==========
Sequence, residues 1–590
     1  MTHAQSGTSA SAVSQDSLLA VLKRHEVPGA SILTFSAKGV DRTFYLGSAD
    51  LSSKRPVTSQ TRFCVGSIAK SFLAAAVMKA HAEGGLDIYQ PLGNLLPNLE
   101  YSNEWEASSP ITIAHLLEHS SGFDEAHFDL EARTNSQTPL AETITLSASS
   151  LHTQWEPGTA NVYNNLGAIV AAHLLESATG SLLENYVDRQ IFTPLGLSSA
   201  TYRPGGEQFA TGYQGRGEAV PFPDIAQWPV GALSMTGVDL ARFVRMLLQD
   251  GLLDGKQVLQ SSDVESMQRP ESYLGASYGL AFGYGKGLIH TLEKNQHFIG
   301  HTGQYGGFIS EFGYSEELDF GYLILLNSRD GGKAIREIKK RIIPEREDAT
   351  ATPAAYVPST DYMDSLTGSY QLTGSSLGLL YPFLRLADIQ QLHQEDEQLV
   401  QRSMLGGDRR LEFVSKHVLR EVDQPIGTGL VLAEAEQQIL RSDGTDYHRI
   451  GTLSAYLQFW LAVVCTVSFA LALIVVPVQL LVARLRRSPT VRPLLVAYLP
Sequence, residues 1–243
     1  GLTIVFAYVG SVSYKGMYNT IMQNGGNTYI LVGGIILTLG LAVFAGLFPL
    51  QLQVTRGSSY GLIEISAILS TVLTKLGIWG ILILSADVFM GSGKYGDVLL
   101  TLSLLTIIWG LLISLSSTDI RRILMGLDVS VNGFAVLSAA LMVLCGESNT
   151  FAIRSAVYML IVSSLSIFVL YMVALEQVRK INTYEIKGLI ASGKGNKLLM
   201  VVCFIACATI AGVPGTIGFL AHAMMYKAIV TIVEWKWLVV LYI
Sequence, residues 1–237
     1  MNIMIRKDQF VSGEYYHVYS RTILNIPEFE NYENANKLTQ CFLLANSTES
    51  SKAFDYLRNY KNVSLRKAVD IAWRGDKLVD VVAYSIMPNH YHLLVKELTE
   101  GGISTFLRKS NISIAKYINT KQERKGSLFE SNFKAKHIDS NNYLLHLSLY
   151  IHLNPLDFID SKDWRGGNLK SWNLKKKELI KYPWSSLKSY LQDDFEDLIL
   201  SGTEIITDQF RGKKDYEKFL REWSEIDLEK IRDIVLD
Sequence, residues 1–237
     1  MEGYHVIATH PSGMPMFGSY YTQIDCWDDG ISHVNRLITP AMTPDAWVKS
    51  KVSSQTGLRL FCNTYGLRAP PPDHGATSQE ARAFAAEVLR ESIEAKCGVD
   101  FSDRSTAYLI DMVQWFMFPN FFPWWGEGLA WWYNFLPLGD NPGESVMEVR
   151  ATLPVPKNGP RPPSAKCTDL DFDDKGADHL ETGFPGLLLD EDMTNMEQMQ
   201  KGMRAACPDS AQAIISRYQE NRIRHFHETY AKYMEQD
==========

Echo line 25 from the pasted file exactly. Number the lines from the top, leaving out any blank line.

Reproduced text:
     1  MEGYHVIATH PSGMPMFGSY YTQIDCWDDG ISHVNRLITP AMTPDAWVKS